The Pequod Review:
Kyril Bonfiglioli's Don't Point That Thing at Me is a witty and entertaining riff on Jeeves and Wooster. The book centers on Charlie Mortdecai, a snobbish art dealer who occasionally dabbles in crime, and his quiet but deadly servant Jock. The “crime” plot is unimportant and forgettable, but the book is great fun if you enjoy digressive lines like these:
Bed is the only place for protracted telephoning. It is also excellently suited to reading, sleeping and listening to canaries. It is not a good place for sex: sex should take place in armchairs, or in bathrooms, or on lawns which have been brushed but not too recently mown, or on sandy beaches if you happen to have been circumcised. If you are too tired to have intercourse except in bed you are probably too tired anyway and should be husbanding your strength.
Mrs Spon flounced over to the window. I know lots of men who can flounce but Mrs Spon is the last woman who can do it. There was a sticky sort of silence of the sort which I relish. Finally Martland whispered, "Perhaps you should ask the old doxy to leave" in just too loud a whisper.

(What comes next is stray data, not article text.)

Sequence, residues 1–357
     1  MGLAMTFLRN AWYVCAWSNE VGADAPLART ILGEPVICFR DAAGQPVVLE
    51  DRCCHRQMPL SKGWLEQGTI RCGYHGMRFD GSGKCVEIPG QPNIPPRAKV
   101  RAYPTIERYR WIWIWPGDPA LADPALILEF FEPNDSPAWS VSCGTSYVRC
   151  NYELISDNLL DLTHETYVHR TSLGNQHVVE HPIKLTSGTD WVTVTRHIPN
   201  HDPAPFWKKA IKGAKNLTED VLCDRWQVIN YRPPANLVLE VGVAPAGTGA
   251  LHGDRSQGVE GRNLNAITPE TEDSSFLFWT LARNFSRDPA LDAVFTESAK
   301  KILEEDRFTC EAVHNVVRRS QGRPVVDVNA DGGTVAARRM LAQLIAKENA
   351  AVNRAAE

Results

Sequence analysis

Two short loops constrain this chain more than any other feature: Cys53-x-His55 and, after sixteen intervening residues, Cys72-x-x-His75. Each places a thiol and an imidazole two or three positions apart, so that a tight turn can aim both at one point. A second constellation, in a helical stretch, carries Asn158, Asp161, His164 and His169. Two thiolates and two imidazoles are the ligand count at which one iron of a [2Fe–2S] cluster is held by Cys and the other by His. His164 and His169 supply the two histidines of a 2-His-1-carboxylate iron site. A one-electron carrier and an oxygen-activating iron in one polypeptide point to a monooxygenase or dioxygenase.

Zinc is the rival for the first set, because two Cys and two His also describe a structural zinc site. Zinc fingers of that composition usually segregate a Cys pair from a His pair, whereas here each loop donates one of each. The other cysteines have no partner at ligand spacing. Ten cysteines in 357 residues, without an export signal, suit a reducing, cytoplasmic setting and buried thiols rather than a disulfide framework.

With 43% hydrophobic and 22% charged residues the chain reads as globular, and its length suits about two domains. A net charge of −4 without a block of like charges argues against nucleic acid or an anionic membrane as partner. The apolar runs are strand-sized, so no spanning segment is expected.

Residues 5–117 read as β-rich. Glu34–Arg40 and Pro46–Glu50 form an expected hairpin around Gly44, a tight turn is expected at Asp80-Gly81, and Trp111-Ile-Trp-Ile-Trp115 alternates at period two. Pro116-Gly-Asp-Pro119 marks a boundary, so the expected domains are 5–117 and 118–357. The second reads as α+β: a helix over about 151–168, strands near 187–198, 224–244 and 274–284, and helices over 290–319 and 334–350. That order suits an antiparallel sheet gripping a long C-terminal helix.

Mrs Spon rounded on him and Told Him Off. I had heard of her talents in that direction but had never before been privileged to hear her unlock the word bag. It was a literary and emotional feast: Martland withered visibly. There is no one like your gently nurtured triple-divorcee for really putting the verbal leather in. "Wart on the tax-payer’s arse," "traffic-warden’s catamite," and "poor man’s Colonel Wigg" are just a few of the good things she served up but there was more – much more. She swept out at last, in a cloud of "Ragazza" and lovely epithets. She was wearing a suede knickerbocker suit but you’d have sworn she twitched a twelve-foot train of brocade away from Martland as she passed him.
Destroying the painting was out of the question: my soul is all stained and shagged with sin like a cigarette smoker’s mustache but I am quite incapable of destroying works of art. Steal them, yes, cheerfully, it is a mark of respect and love, but destroy them, never.
This is the first book in Kyril Bonfiglioli's Mortdecai Trilogy; it would be followed by Something Nasty in the Woodshed (1976) and After You With the Pistol (1979).